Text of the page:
In many communities across the country and around the world, 4-H clubs have provided youth with not only a greater knowledge of agriculture, but also leadership skills, work ethics, sportsmanship, community service and lifelong friendships, representing the values of “head, heart, hands and health.”

In a tiny hamlet south of Verona, the 4-H club has become a central part of the community’s identity, not only in spirit, but also through a physical landmark.

The Paoli 4-H Fireballs mark 60 years this year, and club leaders had planned to celebrate the anniversary at Paoli Park this summer before the COVID-19 pandemic.

It is that park, located in the heart of the Town of Montrose and adopted by the club in the mid-1970s, that has become a centerpiece in both the identity of the Fireballs, but also the community at large.

With the gathering and many other club events permanently on hold, members have been reflective.

The group’s focus has changed over the years based on changing interests of its participants, says parent member Trina Pauli.

“Some clubs aren’t diversified,” she said. “A lot of clubs are just horses or dairy or beef or just arts and crafts, but the Fireballs do a great job of bringing that together and foster your ability to branch out.”

Some of the project areas Fireballs members can get involved in include arts and crafts, cooking and baking, dairy, beef, swine, horse and pony, sheep, poultry, rabbits, dogs, leathercraft, sewing, metal enameling, knitting, crocheting, felting, clothing, birds, Legos, model horses, quilting, stamping, scrapbooking, photography and woodworking.

At one point, Pauli said, horses overtook dairy as the predominant project, but dairy has had a resurgence.

“It’s based on the people,” she said. “What you do and what becomes important to the cub.”

When the group was formed in 1960, it had around 25 to 35 members. Club member Richard Johns came up with the Fireball name in a contest.

The Fireballs’ membership primarily comprises residents from Belleville, Verona and Paoli, but it also includes families from Oregon, Fitchburg and Madison. Most meetings are held at the Montrose Town Hall in Paoli.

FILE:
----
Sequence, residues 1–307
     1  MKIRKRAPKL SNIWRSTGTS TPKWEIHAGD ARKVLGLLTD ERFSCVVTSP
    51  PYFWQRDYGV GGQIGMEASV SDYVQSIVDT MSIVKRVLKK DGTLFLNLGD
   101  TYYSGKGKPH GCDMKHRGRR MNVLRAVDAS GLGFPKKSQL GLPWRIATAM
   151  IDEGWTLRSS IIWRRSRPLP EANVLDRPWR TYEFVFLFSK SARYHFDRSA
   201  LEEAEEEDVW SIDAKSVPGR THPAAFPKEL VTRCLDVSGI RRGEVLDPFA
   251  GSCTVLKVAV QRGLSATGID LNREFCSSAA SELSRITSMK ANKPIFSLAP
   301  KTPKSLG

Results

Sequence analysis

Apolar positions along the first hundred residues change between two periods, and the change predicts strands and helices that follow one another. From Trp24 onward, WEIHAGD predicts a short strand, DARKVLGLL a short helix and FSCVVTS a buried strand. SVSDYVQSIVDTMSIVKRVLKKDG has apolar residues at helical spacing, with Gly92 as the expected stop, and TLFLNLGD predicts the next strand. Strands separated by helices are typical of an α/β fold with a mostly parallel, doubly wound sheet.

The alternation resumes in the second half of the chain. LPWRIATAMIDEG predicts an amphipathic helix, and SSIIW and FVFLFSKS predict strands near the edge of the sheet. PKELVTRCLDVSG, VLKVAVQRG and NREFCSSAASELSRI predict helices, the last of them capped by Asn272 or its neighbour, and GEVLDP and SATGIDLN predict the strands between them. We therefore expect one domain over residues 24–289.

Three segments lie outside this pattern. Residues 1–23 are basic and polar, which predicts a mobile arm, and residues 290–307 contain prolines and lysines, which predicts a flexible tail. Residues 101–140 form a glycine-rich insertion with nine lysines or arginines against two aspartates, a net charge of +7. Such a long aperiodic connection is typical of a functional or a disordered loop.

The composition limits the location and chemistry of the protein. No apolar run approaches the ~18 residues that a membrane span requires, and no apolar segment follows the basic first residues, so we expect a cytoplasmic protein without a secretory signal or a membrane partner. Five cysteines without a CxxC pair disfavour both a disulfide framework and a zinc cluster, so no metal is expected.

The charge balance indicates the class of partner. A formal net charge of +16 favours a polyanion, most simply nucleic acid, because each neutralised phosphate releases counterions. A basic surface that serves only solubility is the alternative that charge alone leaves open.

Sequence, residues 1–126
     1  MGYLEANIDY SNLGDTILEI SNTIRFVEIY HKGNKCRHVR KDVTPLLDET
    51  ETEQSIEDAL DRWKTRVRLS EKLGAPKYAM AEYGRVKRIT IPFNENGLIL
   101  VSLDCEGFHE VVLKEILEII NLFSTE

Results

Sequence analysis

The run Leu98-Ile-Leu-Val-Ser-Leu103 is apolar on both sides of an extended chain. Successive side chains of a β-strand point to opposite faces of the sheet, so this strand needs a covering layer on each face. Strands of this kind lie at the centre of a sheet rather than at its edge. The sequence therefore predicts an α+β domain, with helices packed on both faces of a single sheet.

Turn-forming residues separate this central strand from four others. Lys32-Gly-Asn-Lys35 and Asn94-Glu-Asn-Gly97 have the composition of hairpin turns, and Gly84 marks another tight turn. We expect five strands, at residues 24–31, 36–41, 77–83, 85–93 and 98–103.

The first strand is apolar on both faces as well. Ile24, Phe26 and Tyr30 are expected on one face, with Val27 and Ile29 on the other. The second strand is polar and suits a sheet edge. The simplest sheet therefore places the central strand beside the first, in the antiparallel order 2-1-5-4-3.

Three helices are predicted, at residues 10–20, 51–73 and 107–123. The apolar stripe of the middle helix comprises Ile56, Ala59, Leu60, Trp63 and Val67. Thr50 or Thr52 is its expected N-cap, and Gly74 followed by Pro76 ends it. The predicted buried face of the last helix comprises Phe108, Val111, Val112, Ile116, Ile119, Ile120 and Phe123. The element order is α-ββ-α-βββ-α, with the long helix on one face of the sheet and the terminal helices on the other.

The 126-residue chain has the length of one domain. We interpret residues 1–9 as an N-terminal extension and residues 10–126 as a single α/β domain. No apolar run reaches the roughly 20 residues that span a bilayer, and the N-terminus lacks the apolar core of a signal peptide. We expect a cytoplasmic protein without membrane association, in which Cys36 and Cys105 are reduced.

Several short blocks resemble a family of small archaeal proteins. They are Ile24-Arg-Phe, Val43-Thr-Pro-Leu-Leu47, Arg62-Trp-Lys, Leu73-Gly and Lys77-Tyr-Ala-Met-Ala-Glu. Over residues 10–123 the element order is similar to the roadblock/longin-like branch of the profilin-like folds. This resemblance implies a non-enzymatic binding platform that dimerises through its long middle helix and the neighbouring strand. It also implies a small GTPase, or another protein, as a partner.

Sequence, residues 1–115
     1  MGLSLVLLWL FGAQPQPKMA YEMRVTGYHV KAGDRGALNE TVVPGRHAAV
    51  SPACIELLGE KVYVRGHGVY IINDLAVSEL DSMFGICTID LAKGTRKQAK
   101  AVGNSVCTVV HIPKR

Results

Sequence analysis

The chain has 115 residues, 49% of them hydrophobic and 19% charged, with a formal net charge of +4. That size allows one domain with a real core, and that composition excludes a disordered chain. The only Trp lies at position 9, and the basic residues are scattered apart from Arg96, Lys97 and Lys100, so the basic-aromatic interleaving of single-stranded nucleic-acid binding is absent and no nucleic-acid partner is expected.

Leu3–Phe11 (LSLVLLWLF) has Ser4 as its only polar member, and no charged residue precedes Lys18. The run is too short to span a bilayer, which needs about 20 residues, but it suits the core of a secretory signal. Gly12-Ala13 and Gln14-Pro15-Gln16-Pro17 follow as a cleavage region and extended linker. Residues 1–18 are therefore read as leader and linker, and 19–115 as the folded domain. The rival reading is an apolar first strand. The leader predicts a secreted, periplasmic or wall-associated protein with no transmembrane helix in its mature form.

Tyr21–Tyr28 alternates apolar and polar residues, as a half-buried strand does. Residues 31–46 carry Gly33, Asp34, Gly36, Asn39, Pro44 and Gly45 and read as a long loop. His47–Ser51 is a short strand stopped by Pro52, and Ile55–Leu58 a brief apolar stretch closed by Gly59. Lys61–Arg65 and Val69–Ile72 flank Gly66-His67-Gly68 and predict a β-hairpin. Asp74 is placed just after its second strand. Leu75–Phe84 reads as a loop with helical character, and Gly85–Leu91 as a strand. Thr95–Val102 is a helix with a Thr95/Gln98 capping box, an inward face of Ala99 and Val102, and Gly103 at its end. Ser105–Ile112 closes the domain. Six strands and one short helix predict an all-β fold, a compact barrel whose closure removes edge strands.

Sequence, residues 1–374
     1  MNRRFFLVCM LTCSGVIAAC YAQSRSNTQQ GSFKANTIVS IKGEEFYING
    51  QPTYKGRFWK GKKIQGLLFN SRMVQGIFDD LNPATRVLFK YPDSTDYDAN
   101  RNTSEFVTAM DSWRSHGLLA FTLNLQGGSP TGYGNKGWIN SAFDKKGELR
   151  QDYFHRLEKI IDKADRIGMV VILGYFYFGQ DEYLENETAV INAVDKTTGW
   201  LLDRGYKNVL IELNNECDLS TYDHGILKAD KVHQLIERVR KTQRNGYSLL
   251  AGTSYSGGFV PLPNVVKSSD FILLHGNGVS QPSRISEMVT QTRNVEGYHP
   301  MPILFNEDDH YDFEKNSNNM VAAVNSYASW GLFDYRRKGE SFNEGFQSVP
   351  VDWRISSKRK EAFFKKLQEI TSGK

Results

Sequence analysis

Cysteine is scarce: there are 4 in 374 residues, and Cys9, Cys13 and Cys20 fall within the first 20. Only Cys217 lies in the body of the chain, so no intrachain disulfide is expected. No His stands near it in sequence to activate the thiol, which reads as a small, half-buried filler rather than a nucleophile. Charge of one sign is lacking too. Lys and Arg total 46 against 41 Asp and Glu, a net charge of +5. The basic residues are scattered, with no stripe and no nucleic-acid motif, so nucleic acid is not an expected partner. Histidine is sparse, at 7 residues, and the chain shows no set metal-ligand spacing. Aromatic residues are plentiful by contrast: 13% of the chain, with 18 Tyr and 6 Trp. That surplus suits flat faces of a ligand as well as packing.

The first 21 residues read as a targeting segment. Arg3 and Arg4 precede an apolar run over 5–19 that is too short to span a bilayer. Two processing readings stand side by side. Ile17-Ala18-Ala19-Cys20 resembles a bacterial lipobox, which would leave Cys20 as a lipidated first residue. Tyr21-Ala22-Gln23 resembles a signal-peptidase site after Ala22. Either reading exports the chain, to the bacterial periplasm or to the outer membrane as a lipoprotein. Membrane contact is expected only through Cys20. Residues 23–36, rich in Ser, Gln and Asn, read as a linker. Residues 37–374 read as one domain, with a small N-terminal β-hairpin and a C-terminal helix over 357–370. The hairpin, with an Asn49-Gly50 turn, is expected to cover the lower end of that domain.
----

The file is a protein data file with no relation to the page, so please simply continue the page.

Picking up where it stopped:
Sherry Combs, whose two kids grew up with the club, called it an “extended family where everyone cares,” and she recalled times members have gone out of their way to provide food and support when someone in the club had cancer or a family in the club had a house fire.

“We do care about our club and the members in it; I’m not sure all clubs do that,” Pauli said. “You can join any club, and I wouldn’t choose another club. The Fireballs stick together, it’s such a good, fun club.”

Pauli said sometimes youth members take the time to help others with projects more than working on their own projects.

Members can get involved in charitable efforts such as singing at nursing homes, making blankets for the Lions Club, ringing the holiday bell for the Salvation Army and assembling bags with all the essentials to make a birthday cake to give to people who don’t have the means.

“Our club is really tuned in to people who care,” Combs said.

Most of the Fireballs’ typical summer events have been canceled this year because of the pandemic. Those include the Stoughton Fair and Dane County Fair, a ski night in February, participation in the Hometown Days Parade in June with members riding on a decorated wagon, a camping trip and swimming party in August.

Autumn activities include hayrides, bonfires, corn mazes and bowling, a potluck dinner with awards ceremony in November and singing Christmas carols with instrumental solos and duets to senior citizens in December.

Each January, the club hosts an arts discovery day, where several arts and crafts projects are offered. Projects have included recycling feed bags into tote bags, creating paracord leashes and collars, painting dried gourds and making gourd birdhouses, among other projects.

Verona Area Community Theater founder Dee Baldock was the group’s leader in the 1980s and 1990s, and said adults learn and then teach the kids, fostering a sense of responsibility.

“I loved that Fireballs spread around leadership responsibility on different projects between adult leaders – sewing leader, metal enameling leader, horse leader,” she said.